And that awakening was notable not just for its scope and intensity, but for its focus. For the first time, everyone was talking about the underlying realities that had been the core of Futterman’s message for years: the “code of silence” among police officers that had protected Van Dyke, the need for transparency and accountability to stem a persistent pattern of police abuse, and the fraught day-to-day interactions between minority youth and law enforcement.
“It was as if a curtain were lifted, and suddenly, there was this simple truth that we all knew: Yes, the code of silence exists in Chicago. Yes, there are real and systemic problems of police abuse here in Chicago,” Futterman said. “It wasn’t just that folks had to come to grips with this horrific shooting. While Officer Van Dyke’s callous acts were truly extraordinary, I think what really struck people was seeing how normal it was for every single officer on the scene to circle the wagons and cover up what Van Dyke did. That the life of a 17-year-old kid mattered less than covering for a fellow officer.”
The signs that people had grasped the bigger picture were evident to Futterman within days of the release.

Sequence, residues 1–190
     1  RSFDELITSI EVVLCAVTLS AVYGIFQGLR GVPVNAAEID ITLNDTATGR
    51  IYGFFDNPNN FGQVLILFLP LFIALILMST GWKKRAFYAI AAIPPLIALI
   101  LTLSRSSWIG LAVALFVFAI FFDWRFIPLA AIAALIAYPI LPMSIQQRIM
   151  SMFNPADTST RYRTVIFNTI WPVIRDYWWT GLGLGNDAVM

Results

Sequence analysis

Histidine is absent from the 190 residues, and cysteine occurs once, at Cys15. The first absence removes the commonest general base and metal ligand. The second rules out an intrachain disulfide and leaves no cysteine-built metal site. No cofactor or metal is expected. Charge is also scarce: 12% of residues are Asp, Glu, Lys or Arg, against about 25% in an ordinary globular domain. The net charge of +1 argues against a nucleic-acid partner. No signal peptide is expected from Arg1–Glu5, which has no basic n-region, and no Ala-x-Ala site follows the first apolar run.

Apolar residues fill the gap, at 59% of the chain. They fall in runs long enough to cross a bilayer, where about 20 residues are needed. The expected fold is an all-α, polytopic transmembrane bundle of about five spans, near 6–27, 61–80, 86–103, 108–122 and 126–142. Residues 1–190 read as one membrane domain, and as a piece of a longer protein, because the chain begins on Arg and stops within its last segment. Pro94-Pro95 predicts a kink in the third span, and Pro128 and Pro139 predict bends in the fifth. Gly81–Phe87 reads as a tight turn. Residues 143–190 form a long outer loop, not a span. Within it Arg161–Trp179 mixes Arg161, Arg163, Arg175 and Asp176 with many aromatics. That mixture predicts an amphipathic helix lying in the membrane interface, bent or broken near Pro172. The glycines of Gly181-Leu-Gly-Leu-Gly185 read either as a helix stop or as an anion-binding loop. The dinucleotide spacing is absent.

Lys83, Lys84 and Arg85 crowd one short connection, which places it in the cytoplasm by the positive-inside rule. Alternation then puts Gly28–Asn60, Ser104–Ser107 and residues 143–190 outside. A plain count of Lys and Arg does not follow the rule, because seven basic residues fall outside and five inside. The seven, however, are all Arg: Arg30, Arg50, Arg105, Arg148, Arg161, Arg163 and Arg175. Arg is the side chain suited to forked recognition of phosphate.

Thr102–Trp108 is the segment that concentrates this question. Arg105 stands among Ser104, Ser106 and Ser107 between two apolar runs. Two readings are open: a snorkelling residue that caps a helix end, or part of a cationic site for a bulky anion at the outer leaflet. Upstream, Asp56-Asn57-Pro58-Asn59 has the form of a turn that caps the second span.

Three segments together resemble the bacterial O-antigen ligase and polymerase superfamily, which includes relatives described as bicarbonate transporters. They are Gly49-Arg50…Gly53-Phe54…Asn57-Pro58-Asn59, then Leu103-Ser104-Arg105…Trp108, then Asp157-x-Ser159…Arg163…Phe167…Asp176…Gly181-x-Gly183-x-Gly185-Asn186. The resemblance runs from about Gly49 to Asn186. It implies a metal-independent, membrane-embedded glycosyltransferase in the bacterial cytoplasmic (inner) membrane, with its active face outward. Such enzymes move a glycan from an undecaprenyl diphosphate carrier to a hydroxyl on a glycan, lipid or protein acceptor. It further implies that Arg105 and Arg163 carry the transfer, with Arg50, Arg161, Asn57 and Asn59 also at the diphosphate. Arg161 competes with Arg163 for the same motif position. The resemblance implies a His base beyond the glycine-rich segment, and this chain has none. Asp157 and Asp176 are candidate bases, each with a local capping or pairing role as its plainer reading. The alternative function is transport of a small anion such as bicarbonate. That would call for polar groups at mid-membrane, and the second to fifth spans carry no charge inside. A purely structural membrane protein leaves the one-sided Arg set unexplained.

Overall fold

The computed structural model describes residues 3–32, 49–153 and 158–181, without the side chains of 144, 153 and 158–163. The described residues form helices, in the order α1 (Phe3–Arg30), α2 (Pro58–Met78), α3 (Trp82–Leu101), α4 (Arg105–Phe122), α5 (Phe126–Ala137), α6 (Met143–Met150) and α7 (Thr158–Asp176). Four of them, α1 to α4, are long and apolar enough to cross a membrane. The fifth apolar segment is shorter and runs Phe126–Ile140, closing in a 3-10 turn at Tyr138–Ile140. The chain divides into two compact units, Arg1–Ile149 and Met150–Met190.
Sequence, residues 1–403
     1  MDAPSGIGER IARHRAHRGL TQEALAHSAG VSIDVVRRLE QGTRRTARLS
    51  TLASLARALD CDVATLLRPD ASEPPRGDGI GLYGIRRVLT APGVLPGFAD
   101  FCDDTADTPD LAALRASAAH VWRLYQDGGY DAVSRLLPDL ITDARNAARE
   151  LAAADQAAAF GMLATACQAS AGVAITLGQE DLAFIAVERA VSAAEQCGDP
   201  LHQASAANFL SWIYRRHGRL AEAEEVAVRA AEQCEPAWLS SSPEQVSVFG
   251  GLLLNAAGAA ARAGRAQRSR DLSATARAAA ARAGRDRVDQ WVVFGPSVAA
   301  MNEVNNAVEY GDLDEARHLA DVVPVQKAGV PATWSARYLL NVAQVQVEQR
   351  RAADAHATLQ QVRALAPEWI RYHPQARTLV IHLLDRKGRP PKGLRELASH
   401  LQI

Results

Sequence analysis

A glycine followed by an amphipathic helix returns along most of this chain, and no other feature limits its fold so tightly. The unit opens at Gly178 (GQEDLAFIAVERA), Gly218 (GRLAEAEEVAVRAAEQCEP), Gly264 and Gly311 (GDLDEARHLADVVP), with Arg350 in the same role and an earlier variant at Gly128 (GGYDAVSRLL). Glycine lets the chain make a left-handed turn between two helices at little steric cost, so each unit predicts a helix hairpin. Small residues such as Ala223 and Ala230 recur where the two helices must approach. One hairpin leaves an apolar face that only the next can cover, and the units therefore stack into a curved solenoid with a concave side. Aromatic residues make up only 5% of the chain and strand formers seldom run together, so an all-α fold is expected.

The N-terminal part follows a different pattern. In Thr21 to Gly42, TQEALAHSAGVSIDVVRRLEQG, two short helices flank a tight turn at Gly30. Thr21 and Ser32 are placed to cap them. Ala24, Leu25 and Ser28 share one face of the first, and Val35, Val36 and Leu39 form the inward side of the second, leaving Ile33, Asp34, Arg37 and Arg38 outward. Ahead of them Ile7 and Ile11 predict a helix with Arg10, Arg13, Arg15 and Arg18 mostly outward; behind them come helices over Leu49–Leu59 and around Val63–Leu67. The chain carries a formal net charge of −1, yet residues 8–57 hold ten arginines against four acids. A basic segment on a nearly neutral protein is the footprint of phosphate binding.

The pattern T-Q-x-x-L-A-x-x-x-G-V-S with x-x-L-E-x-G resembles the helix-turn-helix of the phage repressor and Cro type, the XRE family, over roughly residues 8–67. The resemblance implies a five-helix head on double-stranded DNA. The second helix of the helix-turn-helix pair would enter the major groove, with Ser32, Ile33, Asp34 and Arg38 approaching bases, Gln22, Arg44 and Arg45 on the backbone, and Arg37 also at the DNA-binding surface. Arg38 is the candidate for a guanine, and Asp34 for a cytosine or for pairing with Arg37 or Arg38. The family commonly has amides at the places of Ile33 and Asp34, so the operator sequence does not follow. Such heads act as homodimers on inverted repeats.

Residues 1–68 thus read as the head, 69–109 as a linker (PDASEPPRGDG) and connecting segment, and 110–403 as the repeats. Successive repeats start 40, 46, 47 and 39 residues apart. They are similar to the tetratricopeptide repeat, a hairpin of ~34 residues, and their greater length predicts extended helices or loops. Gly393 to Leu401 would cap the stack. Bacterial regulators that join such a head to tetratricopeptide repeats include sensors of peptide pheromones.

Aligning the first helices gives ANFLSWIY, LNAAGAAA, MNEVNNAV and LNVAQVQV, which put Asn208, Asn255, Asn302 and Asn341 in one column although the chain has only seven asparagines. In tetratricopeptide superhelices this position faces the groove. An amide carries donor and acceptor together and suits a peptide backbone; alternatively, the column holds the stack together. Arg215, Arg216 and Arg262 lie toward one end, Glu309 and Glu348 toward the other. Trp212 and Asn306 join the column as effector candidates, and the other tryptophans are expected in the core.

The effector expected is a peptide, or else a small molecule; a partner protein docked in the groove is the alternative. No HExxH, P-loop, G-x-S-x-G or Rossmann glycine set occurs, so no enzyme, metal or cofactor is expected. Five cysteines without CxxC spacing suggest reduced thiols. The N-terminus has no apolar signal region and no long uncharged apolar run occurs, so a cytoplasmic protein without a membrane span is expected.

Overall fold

“I think it first struck me on Black Friday,” Futterman said. “There were all these protests, and the business owners on Michigan Avenue were reacting; their sales were being hurt on the single greatest shopping day of the year. There was a real economic hit. But some of them—many of them wealthy, many of them privileged—said they supported the protesters. They directed their comments at the power structure, at our leaders. It wasn’t, ‘Get these protesters away from our stores, you have to arrest them all.’ It was, ‘You have to do something about the problem, about the reason these protesters are out here.’ Those store owners got it.”